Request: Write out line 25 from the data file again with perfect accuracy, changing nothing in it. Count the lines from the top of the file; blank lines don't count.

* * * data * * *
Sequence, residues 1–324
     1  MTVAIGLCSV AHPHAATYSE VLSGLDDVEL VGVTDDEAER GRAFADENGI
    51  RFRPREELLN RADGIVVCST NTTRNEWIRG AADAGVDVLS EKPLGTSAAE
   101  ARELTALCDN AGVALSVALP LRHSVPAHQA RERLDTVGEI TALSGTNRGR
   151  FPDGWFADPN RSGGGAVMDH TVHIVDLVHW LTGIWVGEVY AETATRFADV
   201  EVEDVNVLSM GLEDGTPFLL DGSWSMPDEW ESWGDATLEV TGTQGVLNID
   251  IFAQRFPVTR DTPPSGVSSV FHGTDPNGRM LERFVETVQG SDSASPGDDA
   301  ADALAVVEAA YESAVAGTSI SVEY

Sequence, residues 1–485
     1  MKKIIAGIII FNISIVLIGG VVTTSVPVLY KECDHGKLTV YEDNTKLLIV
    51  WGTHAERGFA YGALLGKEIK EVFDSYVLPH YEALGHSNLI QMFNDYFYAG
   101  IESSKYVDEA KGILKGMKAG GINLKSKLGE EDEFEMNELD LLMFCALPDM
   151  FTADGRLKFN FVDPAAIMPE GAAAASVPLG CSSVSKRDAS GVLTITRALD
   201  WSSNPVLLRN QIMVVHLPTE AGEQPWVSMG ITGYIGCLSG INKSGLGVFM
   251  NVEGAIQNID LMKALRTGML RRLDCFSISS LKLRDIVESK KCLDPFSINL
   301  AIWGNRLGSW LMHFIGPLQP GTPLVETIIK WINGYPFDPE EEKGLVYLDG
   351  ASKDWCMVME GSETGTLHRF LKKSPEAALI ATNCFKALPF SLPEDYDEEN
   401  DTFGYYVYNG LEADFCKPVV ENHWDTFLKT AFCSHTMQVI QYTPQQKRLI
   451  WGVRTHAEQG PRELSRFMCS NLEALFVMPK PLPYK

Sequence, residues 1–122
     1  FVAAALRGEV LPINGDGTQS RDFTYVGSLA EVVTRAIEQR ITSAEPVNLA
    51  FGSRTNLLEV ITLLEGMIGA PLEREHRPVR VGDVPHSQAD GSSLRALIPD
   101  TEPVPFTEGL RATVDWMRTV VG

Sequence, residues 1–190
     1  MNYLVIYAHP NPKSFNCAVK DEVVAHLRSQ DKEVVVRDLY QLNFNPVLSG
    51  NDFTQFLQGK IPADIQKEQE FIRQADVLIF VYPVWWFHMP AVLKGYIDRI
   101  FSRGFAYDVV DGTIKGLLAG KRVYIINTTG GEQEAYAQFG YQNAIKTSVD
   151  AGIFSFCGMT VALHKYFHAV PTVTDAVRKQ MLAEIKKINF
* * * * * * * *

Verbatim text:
     1  MNYLVIYAHP NPKSFNCAVK DEVVAHLRSQ DKEVVVRDLY QLNFNPVLSG